Kenneth Minogue contends in his book: Alien Powers – The Pure Theory of Ideology that Western civilization is in the throes of a conflict over a right understanding of the human condition. In Western societies, individuals follow customs or conduct projects of which others may dislike or disapprove and the result may be conflict.

However, Western society is predominantly peaceful in spite of potential (or actual) conflict because individuals master internalized rules of law and morality. Poverty, inequality, and disappointment are inevitable consequences of open participation in a risk based society even when it is free from iniquitous societal distortions (e.g., American slavery).

Ideologists say these consequences result from hidden structural flaws that can only be remedied through the destruction of the prevailing system. One must attain the perfection of social harmony. If material possessions cause envy, then all possessions must be jointly owned. Rather than insisting on moral decency to curb envy, ideologists will abolish ownership altogether.

This same approach, rooted in externals, is applied to all inequality and disappointment. Transcendent principles (e.g., morality) are not applicable to unruly minds. Once harmony is achieved there will be no need for the transcendent; all humanity will become one in thinking and affections.

Minogue suggests the ideological approach is ascendant in our society while the transcendent is declining. But how is ideology commonly defined?

Ideology /ˌīdēˈäləjē,ˌidēˈäləjē/ noun: ideology; plural noun: ideologies

1. A system of ideas and ideals, especially one that forms the basis of economic or political theory and policy.

“The ideology of republicanism.”

Synonyms: beliefs, ideas, ideals, principles, ethics, morals; doctrine, creed, credo, faith, teaching, theory, philosophy; tenets, canon(s); conviction(s), persuasion; informal: -ism

1b. The ideas and manner of thinking characteristic of a group, social class, or individual.

“A critique of bourgeois ideology.”

“The party has to jettison outdated ideology and give up its stranglehold on power”

1c. Archaic: Visionary speculation, especially of an unrealistic or idealistic nature.

2. Archaic: The science of ideas; the study of their origin and nature.

Origin: late 18th century (sense 2): from French idéologie, from Greek idea ‘form, pattern’ + -logos (denoting discourse or compilation).

Not the most illuminating definitions. But this is one of Minogue’s points. We use the word too generally. Minogue’s contention is that there is a generally applicable pure theory of ideology best realized to date in Marxist ideology and its offspring.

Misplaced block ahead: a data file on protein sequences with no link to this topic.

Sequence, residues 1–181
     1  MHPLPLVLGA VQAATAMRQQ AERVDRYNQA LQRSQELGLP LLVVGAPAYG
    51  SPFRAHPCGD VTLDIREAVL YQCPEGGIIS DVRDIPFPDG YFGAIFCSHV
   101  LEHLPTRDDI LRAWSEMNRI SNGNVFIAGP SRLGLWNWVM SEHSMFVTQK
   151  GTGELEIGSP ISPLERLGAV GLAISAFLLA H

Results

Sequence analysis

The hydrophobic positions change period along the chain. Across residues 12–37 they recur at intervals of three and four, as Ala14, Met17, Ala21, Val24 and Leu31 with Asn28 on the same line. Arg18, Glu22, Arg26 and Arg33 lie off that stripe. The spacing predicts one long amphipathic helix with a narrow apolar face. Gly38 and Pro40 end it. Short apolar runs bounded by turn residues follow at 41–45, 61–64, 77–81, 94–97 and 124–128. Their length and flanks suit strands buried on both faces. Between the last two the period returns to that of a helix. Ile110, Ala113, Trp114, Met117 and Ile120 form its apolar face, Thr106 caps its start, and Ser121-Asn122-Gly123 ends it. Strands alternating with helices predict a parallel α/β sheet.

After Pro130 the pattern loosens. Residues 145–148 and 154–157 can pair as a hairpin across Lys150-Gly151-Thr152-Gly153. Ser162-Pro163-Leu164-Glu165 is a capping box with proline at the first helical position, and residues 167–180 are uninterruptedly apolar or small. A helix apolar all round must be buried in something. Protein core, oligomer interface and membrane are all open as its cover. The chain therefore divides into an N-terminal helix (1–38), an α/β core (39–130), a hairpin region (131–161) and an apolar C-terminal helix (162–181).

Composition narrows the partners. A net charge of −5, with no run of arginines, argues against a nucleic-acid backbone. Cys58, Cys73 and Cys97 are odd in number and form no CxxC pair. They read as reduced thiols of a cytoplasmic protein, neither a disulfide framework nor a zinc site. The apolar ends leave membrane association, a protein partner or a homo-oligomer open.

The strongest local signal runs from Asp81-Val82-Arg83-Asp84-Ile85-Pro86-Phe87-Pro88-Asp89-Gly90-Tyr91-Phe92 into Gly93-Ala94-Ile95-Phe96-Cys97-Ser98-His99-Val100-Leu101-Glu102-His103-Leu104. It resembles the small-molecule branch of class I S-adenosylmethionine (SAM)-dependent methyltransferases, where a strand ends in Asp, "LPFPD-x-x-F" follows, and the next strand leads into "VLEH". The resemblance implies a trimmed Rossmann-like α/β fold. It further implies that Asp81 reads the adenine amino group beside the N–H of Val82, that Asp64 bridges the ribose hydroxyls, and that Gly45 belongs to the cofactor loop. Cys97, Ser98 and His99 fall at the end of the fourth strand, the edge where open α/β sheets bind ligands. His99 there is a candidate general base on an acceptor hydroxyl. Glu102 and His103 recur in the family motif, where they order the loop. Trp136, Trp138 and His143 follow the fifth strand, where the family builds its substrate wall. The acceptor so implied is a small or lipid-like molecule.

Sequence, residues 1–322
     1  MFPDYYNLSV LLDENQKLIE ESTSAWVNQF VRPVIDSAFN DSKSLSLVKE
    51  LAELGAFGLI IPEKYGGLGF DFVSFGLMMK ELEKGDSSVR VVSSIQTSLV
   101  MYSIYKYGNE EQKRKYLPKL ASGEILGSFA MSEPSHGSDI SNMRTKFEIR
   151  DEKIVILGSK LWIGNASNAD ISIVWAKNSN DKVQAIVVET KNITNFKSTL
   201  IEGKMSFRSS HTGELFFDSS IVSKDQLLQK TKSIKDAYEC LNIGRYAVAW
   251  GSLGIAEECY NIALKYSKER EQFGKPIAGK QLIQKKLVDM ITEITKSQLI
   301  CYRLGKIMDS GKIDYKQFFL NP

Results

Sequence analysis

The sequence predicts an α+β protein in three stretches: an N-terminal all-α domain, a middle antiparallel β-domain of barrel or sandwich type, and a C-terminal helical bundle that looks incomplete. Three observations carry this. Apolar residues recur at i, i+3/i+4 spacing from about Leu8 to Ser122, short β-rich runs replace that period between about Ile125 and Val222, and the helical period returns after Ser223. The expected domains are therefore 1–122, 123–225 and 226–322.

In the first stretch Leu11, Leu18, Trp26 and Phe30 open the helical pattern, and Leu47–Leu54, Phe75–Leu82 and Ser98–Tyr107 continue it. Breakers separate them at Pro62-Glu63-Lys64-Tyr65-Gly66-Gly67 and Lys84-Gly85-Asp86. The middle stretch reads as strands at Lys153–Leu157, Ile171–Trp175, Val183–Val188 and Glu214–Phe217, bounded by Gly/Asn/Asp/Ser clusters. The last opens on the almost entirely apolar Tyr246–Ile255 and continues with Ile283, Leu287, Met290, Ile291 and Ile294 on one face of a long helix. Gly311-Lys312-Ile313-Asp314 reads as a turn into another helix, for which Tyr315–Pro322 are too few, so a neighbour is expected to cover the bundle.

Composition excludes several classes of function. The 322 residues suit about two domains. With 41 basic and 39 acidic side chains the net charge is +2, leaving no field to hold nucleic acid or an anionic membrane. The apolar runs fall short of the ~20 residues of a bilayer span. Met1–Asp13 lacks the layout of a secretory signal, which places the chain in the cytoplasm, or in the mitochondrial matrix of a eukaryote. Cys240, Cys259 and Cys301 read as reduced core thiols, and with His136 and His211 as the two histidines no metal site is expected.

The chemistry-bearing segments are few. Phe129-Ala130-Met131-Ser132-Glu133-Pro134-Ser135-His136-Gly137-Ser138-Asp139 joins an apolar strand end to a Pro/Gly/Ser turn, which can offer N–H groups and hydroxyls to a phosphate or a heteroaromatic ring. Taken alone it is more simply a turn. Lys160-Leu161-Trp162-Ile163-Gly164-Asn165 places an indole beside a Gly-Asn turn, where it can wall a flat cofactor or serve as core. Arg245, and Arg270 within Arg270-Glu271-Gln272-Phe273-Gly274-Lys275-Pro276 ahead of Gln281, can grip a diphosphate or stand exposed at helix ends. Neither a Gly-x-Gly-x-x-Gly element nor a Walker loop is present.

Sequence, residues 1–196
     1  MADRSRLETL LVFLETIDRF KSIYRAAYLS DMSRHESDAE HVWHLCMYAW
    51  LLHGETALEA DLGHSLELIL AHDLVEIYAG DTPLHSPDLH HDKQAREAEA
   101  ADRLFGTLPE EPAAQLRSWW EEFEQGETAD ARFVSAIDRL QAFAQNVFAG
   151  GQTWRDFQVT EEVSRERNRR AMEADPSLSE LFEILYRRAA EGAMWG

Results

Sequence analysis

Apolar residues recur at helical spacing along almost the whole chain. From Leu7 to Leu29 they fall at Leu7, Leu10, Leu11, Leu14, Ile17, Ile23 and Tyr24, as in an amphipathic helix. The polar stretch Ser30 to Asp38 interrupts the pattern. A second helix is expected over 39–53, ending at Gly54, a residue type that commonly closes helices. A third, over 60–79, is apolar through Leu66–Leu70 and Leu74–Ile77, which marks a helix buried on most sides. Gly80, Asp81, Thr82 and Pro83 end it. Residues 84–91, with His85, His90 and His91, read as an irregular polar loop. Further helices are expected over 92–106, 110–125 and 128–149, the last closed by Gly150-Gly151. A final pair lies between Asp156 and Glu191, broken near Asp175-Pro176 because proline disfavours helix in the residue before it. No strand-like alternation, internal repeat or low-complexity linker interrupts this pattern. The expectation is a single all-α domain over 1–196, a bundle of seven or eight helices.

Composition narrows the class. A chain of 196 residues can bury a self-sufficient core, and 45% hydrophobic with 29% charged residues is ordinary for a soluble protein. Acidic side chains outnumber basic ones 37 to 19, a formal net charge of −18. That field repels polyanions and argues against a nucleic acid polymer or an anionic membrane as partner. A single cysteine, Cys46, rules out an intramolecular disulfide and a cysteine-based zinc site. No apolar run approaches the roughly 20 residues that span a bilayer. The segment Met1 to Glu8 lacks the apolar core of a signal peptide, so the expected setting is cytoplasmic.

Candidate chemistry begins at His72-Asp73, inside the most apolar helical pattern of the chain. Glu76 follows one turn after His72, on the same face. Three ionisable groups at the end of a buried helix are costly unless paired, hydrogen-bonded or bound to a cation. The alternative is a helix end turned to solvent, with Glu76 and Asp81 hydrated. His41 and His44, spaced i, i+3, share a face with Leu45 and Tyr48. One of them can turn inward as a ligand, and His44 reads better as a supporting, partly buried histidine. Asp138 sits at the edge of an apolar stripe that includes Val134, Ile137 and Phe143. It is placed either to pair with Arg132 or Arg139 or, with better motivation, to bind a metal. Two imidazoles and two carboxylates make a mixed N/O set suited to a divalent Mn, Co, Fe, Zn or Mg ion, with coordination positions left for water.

The ideological end state (or terminus), typified by its Marxist form, harkens back to rule under the Egyptian Pharaohs or Chinese Emperors. Those rulers were worshipped as God (which they were not) and the populace, generally denied individuality, performed service to the ruler and his coterie (or vanguard). These dynasties persisted substantially unchanged for millennia. Ideology is anti-western in this sense: individualism is the problem and the vanguard in power is the solution.

If you think it through, all political persuasions and any grievance focus can be made into an ideology. That’s Minogue’s thesis. Once you decide there is only one universal way for all to proceed, you are on your way to becoming either a god or his (or her) slave.

Eric Arthur Blair (pen name: George Orwell, 1902 – 1950) parodied the outcome of what is described above in his novel Nineteen Eighty Four (1949). The following video is from a 1984 movie version of the book; it summarizes the main theme:

Orwell 1984 – O’Brien about Power

Over the past year or so, my other posts have dealt with politics in an effort to understand what America is experiencing. The articles are titled:

‘It’s Not Your Founding Fathers’ Republic Any More,’ Review and Commentary

The Revolt Against the Masses, A Review, Part 1

The Revolt Against the Masses, A Review, Part 2

The Three Languages of Politics, A Review

And

Inflammation.’

Also, over the next few weeks, I plan to post: “Portrait of an Ideologist,” “Ideology’s Characteristics,” and “The State and End State.”

Finally, I concur with Orwell’s assessment of his novel Nineteen Eighty Four: “The moral to be drawn from this dangerous nightmare situation is a simple one: Don’t let it happen. It depends on you.”